Over half a century since they released their groundbreaking debut album, Black Sabbath are still helping heavy metal break new ground. Black Sabbath - The Ballet isn't the first time that the worlds of heavy metal and ballet have collided, but does seem to mark the first instance where an entirely new ballet has been created from the catalogue of a single artist, working directly in symbiosis.
With input from Sabs themselves and "Metal Curator" Lisa Meyer, director Carlos Acosta ensures that the production feels like a loving ode to not only the story of Black Sabbath, but how their influence and legacy has spread out into the wider world, offering undoubtedly the most unique heavy metal experience you'll find this year.
The first act - Heavy Metal Ballet - is likely what you'd expect from the fusion of styles, dancers of the Birmingham Royal Ballet showing off graceful and astonishing physical feats while an expert score from composers Marko Nyberg and Christopher Austin sees snippets of original Sabbath tracks underpinned by a live orchestra.
It's here that Black Sabbath - The Ballet feels most essential for metal fans; like their own rendition of Metallica's iconic S&M, the fusion of orchestral elements and Sabbath compositions is utterly exhilarating - and somewhat surprising. While the likes of Solitude lend themselves nicely to gentle string melodies, it's incredibly impressive to hear Iron Man's iconic thump turned into a soft symphony.
That's not to say there's a lack of heft, however. This is Heavy Metal Ballet after all, and the version of War Pigs hints towards the band's origins as outcasts from late-60s psychedelia and flower power, as strings turn discordant and unwieldy like a bad-LSD trip. Similarly, an immense and percussive rendition of Paranoid sees guitarist Marc Hayward stride out onto the stage to play the iconic riff, looking like some NWOBHM-fossil that has been chiselled out of some tar-covered iceberg that has kept him perfectly preserved since the late 70s.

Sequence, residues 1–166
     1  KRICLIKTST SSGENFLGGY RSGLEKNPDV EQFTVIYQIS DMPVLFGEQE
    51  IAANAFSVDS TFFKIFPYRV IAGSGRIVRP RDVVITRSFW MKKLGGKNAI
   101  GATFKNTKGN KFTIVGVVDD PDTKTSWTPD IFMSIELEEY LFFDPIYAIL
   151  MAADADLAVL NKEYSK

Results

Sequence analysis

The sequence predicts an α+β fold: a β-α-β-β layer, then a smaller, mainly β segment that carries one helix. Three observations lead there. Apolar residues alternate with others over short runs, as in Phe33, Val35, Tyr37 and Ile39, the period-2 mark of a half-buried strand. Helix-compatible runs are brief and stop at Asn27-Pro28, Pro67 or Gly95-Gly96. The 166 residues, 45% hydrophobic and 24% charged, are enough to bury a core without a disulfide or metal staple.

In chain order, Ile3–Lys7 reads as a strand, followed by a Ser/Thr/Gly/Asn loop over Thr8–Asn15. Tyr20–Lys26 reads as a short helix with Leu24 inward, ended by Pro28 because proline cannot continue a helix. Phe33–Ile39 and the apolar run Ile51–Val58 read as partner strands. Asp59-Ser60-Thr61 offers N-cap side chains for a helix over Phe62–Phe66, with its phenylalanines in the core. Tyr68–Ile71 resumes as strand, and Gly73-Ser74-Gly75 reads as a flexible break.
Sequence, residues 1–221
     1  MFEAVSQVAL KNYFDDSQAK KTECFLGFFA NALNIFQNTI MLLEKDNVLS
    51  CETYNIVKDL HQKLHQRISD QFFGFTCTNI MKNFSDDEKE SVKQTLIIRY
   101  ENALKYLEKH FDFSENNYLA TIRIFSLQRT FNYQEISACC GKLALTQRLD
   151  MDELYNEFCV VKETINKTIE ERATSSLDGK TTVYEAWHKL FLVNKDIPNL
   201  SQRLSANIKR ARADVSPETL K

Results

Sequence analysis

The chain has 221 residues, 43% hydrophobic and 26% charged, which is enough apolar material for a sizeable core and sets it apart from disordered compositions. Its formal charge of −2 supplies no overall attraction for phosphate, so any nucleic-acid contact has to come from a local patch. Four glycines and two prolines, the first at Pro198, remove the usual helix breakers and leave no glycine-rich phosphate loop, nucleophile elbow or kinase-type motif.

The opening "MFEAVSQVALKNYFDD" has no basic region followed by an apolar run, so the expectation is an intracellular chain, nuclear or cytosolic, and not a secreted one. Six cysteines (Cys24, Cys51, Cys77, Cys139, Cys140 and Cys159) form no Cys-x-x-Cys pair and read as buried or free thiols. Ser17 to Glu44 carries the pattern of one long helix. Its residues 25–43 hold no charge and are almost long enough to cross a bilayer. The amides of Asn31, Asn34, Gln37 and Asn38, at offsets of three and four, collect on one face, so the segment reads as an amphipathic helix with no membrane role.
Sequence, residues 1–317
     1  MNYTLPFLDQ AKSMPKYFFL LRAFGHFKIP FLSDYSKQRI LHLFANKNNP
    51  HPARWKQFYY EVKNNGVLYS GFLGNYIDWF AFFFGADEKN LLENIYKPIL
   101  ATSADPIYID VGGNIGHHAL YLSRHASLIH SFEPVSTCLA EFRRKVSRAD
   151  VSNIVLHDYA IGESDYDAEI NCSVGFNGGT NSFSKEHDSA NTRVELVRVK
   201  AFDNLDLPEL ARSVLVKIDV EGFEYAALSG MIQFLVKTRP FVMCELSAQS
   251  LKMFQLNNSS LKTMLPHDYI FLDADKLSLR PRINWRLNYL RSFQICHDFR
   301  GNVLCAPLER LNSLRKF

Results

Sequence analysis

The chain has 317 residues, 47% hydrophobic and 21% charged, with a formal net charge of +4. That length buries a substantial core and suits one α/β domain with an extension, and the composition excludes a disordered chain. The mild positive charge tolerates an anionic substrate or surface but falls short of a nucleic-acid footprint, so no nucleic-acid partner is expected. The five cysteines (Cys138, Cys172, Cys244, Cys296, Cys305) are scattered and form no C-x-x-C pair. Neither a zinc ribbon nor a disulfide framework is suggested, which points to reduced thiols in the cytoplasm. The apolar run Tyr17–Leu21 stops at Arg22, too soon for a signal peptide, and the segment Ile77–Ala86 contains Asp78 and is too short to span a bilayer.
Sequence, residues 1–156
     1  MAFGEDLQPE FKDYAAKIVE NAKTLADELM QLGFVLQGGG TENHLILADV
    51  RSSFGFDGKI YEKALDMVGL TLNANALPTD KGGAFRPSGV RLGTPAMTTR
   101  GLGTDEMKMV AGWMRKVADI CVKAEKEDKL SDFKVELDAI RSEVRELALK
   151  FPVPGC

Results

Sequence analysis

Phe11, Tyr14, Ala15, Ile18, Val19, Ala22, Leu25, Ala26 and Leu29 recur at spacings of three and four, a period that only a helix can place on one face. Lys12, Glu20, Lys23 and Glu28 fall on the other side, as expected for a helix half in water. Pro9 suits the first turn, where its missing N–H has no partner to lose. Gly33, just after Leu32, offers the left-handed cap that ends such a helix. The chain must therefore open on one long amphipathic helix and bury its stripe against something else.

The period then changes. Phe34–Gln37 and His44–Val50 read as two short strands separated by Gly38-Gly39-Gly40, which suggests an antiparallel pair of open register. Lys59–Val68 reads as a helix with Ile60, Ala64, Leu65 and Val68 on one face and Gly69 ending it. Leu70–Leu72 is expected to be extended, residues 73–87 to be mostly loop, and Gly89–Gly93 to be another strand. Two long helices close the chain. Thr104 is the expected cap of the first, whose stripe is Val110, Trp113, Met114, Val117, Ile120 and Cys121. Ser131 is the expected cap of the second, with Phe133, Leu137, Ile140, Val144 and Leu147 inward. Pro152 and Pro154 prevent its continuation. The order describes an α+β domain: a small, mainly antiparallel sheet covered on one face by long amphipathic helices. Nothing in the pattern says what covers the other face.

If Act I was all about the dancers and ballet itself, then Act II is all about the band. Tales of Iommi's fateful industrial accident - told by the man himself in gory detail - are matched by visuals of a light-up fretboard, Iommi stating twice that "they told me, 'your playing days are over'" highlighting metal's first act of rebellion. Elsewhere, clips of Sabbath's members - as well as Sharon Osbourne, who attended the premiere of the show on Saturday - flesh out the rest of their story, but also add notes of levity. "We spent more on cocaine than the recording budget," Iommi deadpans at one point. "And we spent £80,000 on that!"
Of course, while the band may pull focus some, the dancers still remain key to it all. One incredibly impressive feat sees two performers locked together in a kiss as they pull off ever-more impressive moves, never breaking contact. It's a stunning display and feels like a perfect metaphor for how well the worlds of ballet and heavy metal are conjoined throughout the performance.
As before, composer Sun Keting leads an orchestra through astonishing renditions and reinterpretations of classic Sabbath tracks. Perhaps most impressive is how faithfully Bill Ward's unique drum-fills are matched; never replicated directly, the orchestra's drummer nonetheless captures the clattering, freewheeling style Ward brought to Sabbath that made him so distinct from his 1970s contemporaries.
Act III brings the whole thing home; dancers don Sabbath shirts and lead a massive celebration that embraces Black Sabbath's place not just as the progenitors of heavy metal, but as Birmingham's most iconic cultural export.
But the biggest surprise - and undoubtedly the thing that gets fans most vocally excited - is the appearance of Tony Iommi as a one-off special guest. Trading riffs with returning guitarist Marc Hayward, the show's crescendo is an all-singing, all-dancing spectacle that gets the audience on their feet and clapping along, a chorus of voices singing iconic Sabbath lines closing the night on a rapturous and celebratory note.
A resounding success in melding worlds together, Black Sabbath - The Ballet is a stunning spectacle well worth watching for fans of metal and ballet alike. And who knows - by its end maybe those camps aren't so disparate as they might have first seemed.
Black Sabbath - The Ballet runs at Birmingham's Hippodrome from September 28 to 30, then Theatre Royal Plymouth October 12 - 14 and Sadler's Wells in London from October 18 - October 21. For more details, visit the Birmingham Royal Ballet official website.